1.4(0.7)

0.03

0.07, 2.8

Mubarak Alkabeer

3.7(0.87)

<0.0001

2.0, 5.4

Table 4. First multivariate linear regression model with waist circumference as the outcome.

*Binary variables
**Ordinal variable of 4 categories (no, rarely, sometimes, often) was used as a continuous variable.

Factor

Estimate (se)

P value

Confidence interval

Watching TV or play videogames before bedtime*

-0.26(0.05)

<0.001

-0.36, -0.16

Using bed for watching TV or playing videogames*

-0.13(0.03)

<0.001

-0.2, -0.06

Watching TV and playing videogames more than 2 hours 4 days a week or more**

-0.15(0.002)

0.001

-0.24, -0.05

Eating in front of the TV every day more than 2 hours 4 days a week or more**

-0.22 (0.03)

<0.001

-0.3,  -0.15

Participating in a sport program outside the school (yes vs. no)

0.08 (0.04)

0.06

-0.17, -0.005

Have diabetic father

- 0.16 (0.05)

0.001

-0.06, -0.26

Have diabetic mother (yes vs. no)

- 0.28 (0.06)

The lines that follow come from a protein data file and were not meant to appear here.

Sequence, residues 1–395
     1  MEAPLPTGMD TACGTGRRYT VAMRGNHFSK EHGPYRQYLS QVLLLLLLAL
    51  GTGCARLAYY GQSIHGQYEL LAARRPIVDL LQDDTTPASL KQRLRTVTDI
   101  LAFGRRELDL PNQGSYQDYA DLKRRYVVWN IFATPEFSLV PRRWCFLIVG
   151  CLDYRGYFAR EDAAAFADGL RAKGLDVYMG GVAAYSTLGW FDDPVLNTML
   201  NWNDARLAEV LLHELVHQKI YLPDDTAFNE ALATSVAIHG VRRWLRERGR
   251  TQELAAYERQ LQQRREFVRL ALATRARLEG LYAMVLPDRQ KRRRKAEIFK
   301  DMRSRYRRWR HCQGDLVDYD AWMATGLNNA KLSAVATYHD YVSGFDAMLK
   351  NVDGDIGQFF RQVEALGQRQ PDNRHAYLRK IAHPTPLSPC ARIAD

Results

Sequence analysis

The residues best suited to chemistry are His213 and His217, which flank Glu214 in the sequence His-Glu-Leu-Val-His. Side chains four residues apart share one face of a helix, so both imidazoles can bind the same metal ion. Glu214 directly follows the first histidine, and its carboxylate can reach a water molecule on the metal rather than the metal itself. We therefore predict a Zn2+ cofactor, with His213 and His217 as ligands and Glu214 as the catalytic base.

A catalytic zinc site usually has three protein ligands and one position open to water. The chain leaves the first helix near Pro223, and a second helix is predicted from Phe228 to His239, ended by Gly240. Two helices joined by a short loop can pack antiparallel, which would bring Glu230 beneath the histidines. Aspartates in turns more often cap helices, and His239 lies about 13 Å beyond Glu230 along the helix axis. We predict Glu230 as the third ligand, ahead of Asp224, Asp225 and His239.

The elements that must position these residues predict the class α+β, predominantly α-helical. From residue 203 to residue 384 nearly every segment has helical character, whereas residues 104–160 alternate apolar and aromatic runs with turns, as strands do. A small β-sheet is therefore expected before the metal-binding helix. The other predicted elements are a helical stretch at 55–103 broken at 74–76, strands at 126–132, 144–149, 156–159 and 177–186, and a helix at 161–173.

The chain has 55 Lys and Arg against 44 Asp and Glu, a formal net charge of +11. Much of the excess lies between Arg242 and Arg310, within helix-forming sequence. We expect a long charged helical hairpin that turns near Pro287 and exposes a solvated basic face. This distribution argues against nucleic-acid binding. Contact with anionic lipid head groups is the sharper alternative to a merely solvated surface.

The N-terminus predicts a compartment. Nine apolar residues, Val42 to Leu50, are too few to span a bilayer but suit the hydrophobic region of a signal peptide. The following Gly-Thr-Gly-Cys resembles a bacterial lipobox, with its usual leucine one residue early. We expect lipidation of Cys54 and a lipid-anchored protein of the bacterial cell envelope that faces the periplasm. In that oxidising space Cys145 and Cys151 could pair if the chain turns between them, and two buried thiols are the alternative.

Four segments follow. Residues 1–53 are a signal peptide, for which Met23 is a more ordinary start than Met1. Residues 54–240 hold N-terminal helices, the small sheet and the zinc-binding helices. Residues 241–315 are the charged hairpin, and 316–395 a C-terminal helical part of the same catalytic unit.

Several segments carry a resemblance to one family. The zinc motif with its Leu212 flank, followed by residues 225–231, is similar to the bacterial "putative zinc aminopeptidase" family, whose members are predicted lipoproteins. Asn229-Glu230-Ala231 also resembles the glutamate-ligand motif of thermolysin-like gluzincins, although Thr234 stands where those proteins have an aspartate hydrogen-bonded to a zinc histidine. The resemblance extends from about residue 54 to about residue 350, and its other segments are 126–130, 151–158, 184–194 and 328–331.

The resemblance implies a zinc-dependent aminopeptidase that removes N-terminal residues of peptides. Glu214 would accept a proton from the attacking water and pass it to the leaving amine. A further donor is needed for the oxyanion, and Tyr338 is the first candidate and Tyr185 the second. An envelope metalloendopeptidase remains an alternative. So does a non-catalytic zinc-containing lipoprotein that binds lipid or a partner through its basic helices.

<0.001

-0.14, -0.4

Obese (binary variable by WHO percentile)

0.14(0.04)

<0.001

-0.22, -0.06

Snacking (yes vs. no)

0.02(0.1)

0.8

-0.25, 0.3

Sex (boys vs. girls)

0.0003(0.03)

0.9

-0.074, -0.075

Governorate  (Reference: Capital)

 

 

 

Ahmadi

-0.04(0.05)

0.4

-0.15, 0.06

Jahra

-0.26(0.05)

<0.001

-0.37, -0.1

Hawalli

0.02(0.06)

0.6

-0.09, 0.15

Farwania

-0.1(0.06)

0.06

-0.2, 0.007

Mubarak Alkabeer

0.18 (0.07)

0.01

0.03, 0.32

Table 5. Second multivariate linear regression model with daily sleep hours as the outcome variable.

*Ordinal variable for use during weekdays.
**Ordinal variable (never, rarely, sometimes, often). The result presented for the sometimes and often vs. never and rarely